Google has been very busy this summer, rolling out a lot of changes. If you are seeing changes in the amount of traffic you are getting to your website, you are not alone.
To set the level, Google’s algorithm is the formula Google uses to decide what website users see when they “Google” something. Google makes about six relatively minor changes to its algorithm every day. Every now and then, however, he makes bigger changes to his algorithm.
At least three of these major changes will take place this summer.
Updating the page experience
The first of these algorithm changes is updating the page experience. Google started rolling out this algorithm update in June. Initially scheduled for May, its deployment will end at the end of August. It focuses on user experience, including how quickly your website pages load and whether or not they are secure.
Here are some questions to determine if you will be affected by this change.
• Is your site suitable for mobile? Or do users have to set their phones to read your content?
• Do you have an https site? Or the older, less secure http?
• Can users interact with your web pages fast enough? Or are the pages taking a long time to load?
• Is reading your website content a smooth experience? Or does the content change or skip just as users start reading or watching it?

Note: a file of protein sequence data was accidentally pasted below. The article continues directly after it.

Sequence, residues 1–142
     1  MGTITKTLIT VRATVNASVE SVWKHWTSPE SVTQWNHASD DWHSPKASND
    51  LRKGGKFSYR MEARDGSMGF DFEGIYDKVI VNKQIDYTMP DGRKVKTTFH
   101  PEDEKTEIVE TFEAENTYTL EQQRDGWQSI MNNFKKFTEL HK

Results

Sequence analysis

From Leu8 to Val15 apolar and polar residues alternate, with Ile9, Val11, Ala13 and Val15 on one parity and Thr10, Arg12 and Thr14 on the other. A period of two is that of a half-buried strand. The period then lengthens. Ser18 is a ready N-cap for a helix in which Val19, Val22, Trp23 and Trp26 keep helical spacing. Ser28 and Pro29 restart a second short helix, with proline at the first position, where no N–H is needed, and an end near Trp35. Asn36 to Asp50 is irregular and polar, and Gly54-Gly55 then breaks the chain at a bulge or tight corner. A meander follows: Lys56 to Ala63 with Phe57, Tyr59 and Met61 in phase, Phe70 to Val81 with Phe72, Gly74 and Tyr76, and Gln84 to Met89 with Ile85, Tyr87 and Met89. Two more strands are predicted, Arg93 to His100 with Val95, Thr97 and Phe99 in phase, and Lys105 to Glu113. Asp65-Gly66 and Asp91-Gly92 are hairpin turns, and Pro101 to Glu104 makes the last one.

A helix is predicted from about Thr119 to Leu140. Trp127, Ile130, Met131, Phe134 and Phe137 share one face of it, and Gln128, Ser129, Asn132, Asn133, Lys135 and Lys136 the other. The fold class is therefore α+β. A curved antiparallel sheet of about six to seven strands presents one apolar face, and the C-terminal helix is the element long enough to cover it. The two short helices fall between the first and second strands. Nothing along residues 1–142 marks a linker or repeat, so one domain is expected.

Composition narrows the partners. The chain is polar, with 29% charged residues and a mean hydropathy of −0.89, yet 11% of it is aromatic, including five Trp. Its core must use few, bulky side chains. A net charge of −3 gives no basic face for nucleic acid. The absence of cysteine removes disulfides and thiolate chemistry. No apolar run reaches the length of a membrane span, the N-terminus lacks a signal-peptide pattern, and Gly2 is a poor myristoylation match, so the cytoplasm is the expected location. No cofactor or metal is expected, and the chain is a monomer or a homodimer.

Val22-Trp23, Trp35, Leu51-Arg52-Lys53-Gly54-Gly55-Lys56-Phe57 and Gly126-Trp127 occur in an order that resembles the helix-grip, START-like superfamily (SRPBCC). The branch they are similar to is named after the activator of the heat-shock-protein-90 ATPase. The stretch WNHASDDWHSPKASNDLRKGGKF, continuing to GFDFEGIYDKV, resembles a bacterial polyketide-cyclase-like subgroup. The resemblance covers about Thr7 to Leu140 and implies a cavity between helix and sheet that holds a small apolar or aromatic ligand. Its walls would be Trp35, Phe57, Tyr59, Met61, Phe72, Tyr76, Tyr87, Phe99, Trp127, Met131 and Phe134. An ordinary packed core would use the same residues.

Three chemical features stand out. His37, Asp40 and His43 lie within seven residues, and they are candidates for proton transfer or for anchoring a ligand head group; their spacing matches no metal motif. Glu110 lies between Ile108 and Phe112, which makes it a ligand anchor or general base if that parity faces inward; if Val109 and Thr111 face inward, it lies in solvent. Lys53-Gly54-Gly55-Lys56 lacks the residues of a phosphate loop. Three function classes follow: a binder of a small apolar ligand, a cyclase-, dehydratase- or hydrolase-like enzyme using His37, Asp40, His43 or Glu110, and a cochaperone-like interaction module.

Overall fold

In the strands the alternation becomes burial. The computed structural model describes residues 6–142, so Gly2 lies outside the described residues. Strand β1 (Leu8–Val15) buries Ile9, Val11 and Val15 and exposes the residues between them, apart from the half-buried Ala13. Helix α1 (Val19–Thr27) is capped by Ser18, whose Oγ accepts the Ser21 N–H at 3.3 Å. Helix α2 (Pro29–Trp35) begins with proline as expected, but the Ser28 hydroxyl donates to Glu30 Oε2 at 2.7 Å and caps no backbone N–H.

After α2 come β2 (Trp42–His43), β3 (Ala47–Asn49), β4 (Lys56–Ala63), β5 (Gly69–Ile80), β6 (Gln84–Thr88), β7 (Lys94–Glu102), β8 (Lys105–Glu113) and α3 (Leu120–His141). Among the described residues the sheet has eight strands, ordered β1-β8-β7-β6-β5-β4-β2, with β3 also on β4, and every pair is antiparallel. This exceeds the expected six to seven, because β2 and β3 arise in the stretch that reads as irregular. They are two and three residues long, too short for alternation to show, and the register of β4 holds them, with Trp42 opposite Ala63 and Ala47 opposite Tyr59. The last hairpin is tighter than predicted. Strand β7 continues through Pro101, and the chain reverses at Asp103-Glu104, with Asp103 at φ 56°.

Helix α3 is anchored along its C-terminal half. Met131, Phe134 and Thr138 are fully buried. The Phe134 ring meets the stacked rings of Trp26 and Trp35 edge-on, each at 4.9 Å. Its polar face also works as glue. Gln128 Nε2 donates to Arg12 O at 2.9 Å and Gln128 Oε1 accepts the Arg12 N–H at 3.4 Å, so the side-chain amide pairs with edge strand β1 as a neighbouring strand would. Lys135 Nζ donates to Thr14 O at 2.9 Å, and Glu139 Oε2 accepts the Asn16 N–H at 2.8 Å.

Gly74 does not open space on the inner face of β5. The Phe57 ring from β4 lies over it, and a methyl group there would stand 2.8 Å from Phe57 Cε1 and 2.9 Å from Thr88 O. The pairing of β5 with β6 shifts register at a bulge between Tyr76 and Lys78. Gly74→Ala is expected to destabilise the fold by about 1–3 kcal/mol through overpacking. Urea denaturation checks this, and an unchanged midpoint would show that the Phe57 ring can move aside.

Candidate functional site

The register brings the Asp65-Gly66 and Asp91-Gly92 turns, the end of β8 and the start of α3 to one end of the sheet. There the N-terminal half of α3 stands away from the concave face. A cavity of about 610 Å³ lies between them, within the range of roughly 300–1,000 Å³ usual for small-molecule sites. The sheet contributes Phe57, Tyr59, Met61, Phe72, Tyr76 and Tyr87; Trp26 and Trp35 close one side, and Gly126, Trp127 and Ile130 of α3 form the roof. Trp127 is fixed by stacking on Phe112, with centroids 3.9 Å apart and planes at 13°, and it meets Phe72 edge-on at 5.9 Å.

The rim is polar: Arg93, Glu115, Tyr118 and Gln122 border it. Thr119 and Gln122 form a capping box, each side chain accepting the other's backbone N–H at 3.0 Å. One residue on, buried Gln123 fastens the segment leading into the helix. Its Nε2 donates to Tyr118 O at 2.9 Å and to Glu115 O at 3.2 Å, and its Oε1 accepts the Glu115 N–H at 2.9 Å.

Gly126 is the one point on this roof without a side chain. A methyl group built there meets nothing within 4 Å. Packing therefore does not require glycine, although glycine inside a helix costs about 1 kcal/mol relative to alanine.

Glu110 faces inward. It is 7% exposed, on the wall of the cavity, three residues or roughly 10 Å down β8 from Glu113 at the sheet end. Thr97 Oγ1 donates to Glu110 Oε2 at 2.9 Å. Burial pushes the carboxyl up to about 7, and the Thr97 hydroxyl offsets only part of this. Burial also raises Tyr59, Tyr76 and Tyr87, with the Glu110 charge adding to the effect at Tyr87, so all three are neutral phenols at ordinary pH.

Google will use real field data, not testing tools, to determine how your content looks. If two sites answer a user’s question the same way, the one with the best page experience will rank higher in search returns.
A CORE update is a significant algorithm change that focuses on Google’s mission: “To deliver relevant and authoritative content to searchers.”
Google wants to show high quality content that demonstrates EAT. Skill. Authority. Reliability.
The most recent CORE update took place in June. Another is planned for July.
Here are some of the many key factors your business should continue to focus on to rank well in CORE Updates:
• Write original content, reports, research or analysis (without repeating what others have shared)
• Offer insightful analysis
• Cover topics in depth
• Avoid sensational headlines and page titles
• Include references as links
• Make sure you don’t have typos and other sloppy mistakes
• Have the content written by an expert or an enthusiast
• Make sure the content is viewable on a mobile device (do you see a theme here?)
• Do it all better than your competition
Website traffic that comes from “Google” or other search engines (eg, Bing, Duck Duck Go) is referred to as “organic” traffic. Tracking your website traffic in Google Analytics and Google Search Console is essential. Make sure you don’t get lost in the internet search engine return pages.